Of course, Apple is in the rather enviable position of being a successful software vendor as well as purveyor of fruit-branded hardware. And it's actually on the software side that the iPad could have its greatest impact.

Apple's decision to furnish the iPad with a tweaked version of its iPhone OS (version 3.2 for those that count such things) is both limiting, and incredibly empowering, as it means it can tap into the huge existing application base developed for the iPhone and iPod Touch. Releasing a new device that can call on the support of 140,000 applications, no matter how trivial or useless, is something every manufacturer would love to be in a position to do.

There is a difference in the resolutions offered by the two devices (the iPhone/iPod Touch has a resolution of 320 x 480), but the application in question can be expanded to fit the higher resolution screen, or kept at its original size. This latter option probably isn't the greatest demonstration of the iPads power, and a lot of applications are going to look – well, awful.

They're available though, and in lieu of a normal operating system, it's better than relying on Apple to produce every single application you could want. Intriguingly, developers apparently produce a single executable that contains code for both the iPad and iPhone/iPod Touch, leading to a bloated file for iPhone users if higher resolution textures and features are included to make the most out of the iPad's size.

This could obviously change over time, leading to apps being specifically written for the iPad or iPhone, but we can see why Apple is actively trying to unify the code across the family. This could lead to a situation though, where the true power of the iPad isn't really tapped into for a long time.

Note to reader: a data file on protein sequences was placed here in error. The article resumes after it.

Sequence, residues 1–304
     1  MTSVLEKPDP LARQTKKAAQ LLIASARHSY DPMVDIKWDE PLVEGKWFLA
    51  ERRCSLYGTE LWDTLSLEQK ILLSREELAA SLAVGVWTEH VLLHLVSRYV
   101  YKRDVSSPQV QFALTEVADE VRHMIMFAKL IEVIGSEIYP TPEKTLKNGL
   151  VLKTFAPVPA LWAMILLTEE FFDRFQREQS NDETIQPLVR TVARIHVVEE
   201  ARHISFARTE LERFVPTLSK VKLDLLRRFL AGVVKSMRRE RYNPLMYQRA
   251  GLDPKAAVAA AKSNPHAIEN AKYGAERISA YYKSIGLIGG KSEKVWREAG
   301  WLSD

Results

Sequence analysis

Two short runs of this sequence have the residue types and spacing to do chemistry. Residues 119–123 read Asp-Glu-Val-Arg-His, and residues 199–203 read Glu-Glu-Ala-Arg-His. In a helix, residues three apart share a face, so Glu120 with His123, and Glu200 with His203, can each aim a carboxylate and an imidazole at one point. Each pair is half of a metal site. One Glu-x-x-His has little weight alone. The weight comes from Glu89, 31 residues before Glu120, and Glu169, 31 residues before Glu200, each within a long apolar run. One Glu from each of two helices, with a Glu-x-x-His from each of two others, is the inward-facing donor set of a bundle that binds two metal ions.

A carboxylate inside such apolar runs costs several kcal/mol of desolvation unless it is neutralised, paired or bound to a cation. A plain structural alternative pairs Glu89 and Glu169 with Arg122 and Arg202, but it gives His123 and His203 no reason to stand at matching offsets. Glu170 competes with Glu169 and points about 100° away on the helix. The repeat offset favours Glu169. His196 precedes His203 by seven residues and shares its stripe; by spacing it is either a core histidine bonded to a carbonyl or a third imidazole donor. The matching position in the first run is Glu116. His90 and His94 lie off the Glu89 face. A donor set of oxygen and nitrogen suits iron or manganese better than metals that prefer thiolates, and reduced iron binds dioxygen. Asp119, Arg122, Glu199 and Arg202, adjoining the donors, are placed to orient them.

The App Store is clearly a major revenue stream for Apple though, as this is where it controls what does and doesn't go onto its hardware.

flash

It's also been cited as one of the reasons why Apple won't support Flash or Java in the iPhone OS, because there are so many free Java/Flash-based applications out there that would undermine those applications sold in the App Store. The very fact that the iPad has a dedicated YouTube app shows the way that Apple wants to go with this.

Reading matter

The key moment of the iPad launch was the announcement of iBooks; Apples new app that supports the reading and purchasing of electronic books. Could iBooks legitimise the electronic book format in the same way that iTunes did with music? We'll happily give Apple a nod of respect if it manages this feat.

Of course, in order to do well, the iPad needs to provide a compelling user experience while reading books, but it's here the general-purpose nature of the iPad will probably undermine it as a means for reading books. Compare an iPad with hardware designed specifically for the task of reading electronic books, and the iPad doesn't come out that well.

Amazon's Kindle 2 is more affordable and a far more book friendly piece of kit. While it may lack full colour glossy covers of iBooks, its electronic ink display is far easier on the eye than any backlit LCD screen. This is also why the Kindle 2 boasts battery life closer to a week rather than the iPad's ten hours – and that's a figure quoted from Apple, so you can expect it to run down quicker in the real world.

Indeed, while we wish the Apple iBooks store well, we can't help feeling that it's the wealth of electronic book readers already out there that will matter here, not the iPad. By trying to be so many things to so many people, the iPad loses its appeal as being a specialist device in one particular area; the modern day jack of all trades as it were.

App store

And while you could say the same about the hugely successful iPhone, it's the portability of that device that makes it so special; having it anchored to your living room really isn't as appealing a concept.

Will the iPad be a success for Apple? Or just another modern day Newton? Apple has so much momentum in the market right now that it will certainly have its fans, and there will be enough of those early adopters to start the iPad ball rolling. But, the fact that it doesn't have a standard OS, or the flexibility of a normal computer will ultimately undermine how and where it can be used.

If we were given the choice of an iPad, an iPhone or a good laptop, we know what we'd want to use on a regular basis, and it doesn't necessarily start with a lower case 'i'.

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First published in PC Format Issue 238

Liked this? Then check out Hands on: Apple iPad review

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